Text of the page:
I wrote earlier about Conductive Education, (see a previous post for introduction) which is a learning process that may help hold back the progression of the degenerative condition of Parkinson's amongst other neurological conditions. I had attended an induction and had been assessed before the start of a ten weeks course of which I am now half way through.
Without going too deep into why people with Parkinson’s need to re-learn or find new ways to perform tasks that were once automatic responses, it is best explained as being mainly because the basal ganglia in the brain that regulates motor commands has been damaged. This causes difficulty in starting the movements that we have planned, as well as trembling and slowness once we do begin them. Conductive Education not only helps to correct or find new ways of moving, it can help work at a preventable level as the base line of the condition changes over time leading to new or different symptoms being experienced.
Due to the progressive nature of Parkinson’s it is very important to keep ‘ahead’ of the symptoms, rigidity, tremor and slowness of movement being the main ones, which affect almost everything we do on a daily basis. Also the side effects of medicine add their own set of symptoms to the list.
The first few sessions for the group were about ‘what’ we needed to do rather than ‘how’ we needed to do it. We performed a range of tasks and activities to teach our bodies to respond appropriately and with minimum effort and maximum result.
Our posture was corrected often and we had to register how these corrections felt and try to adopt them firstly while in the lying position. Performing these exercises in this position allows for maximising the use of all parts of the body safely and also because we cannot see ourselves whilst lying down, we are learning to ‘feel’ our own movements and are made more aware of our symmetry which is vital for balance, hand co-ordination and for standing and walking.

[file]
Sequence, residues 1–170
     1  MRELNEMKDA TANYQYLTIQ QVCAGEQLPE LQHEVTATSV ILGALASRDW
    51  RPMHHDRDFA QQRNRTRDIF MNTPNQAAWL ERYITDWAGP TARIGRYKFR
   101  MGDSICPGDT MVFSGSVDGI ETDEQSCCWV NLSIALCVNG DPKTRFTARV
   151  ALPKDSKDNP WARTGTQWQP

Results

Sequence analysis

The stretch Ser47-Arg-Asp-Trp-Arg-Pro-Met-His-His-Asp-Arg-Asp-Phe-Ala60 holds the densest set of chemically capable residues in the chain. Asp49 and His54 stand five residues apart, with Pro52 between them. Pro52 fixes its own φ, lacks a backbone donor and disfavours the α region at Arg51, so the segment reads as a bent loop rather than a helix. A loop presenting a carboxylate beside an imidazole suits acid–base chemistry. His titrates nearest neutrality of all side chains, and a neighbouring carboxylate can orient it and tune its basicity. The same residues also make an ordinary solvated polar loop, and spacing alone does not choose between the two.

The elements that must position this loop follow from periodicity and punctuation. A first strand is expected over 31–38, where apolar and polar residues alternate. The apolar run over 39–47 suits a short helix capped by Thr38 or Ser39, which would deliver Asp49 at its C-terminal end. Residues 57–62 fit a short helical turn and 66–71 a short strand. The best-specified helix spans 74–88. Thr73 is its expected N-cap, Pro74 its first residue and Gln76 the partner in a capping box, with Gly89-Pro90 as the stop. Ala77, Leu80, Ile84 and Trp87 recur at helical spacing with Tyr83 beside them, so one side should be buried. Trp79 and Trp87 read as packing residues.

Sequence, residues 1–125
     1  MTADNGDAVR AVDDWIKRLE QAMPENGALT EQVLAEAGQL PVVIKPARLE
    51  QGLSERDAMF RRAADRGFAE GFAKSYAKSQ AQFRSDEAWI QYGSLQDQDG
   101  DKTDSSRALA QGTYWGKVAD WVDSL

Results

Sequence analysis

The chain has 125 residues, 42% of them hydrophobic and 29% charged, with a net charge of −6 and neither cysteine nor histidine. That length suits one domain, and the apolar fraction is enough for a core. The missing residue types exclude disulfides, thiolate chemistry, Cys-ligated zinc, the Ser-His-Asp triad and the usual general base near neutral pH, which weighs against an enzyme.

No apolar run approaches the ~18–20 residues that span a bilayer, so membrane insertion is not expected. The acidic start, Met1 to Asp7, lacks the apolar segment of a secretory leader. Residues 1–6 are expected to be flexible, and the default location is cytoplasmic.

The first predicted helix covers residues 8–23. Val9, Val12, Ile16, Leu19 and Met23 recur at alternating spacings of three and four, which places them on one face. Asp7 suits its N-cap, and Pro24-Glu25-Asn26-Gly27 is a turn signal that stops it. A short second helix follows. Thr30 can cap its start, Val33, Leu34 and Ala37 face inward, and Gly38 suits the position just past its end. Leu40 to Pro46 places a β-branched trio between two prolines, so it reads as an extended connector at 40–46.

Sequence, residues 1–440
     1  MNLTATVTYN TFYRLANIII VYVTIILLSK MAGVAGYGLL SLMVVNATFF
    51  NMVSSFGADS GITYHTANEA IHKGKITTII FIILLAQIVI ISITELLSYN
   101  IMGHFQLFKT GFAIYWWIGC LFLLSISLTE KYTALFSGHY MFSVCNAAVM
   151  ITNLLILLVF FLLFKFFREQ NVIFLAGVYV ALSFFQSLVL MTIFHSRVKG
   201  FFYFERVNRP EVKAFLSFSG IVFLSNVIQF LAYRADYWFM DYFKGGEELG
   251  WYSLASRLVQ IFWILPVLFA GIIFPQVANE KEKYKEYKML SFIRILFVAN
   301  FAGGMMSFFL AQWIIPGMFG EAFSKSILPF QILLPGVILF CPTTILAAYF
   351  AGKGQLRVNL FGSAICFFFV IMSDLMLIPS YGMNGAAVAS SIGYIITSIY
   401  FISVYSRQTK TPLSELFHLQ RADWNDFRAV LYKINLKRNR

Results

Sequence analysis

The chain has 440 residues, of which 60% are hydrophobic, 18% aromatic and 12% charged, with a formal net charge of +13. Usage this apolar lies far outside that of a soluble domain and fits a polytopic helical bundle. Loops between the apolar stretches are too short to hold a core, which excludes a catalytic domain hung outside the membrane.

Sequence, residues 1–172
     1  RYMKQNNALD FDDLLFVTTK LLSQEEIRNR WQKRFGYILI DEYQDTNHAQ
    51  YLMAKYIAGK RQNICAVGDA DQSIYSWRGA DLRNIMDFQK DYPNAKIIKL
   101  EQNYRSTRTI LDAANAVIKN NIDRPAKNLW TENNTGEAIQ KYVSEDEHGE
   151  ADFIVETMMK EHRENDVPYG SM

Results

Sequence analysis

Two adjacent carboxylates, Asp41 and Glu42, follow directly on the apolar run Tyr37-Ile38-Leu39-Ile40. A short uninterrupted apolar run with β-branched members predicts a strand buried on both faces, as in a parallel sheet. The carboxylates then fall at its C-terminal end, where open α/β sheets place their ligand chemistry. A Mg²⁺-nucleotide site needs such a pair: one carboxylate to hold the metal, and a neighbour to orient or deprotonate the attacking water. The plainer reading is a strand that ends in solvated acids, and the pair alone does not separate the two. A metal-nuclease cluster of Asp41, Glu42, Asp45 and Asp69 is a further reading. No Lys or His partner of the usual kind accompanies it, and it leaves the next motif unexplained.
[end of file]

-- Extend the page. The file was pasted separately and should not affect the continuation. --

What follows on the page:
General posture to help maintain a secure position while performing tasks and fine movements and co-ordination were helped with instructions and encouragement. Also using the link between speech, thought and process of movement and of external rhythm or stimulus to overcome the lack of internal rhythm, helped our bodies respond correctly to the decision to move with less hesitation.
Repeating over what we have learned each week with a little more flexibility and speed makes us feel like we are making real progress but what is more important is that we are learning to perform the movements correctly and with more control. These new ‘habits’ learned at the sessions are helping with every day tasks at home. Also if we consciously develop our problem-solving skills to add to increased awareness of our movements, it will aid our own individual needs.
Another update next week……
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For more about Conductive Education see previous post and/or click 'Here for CE link'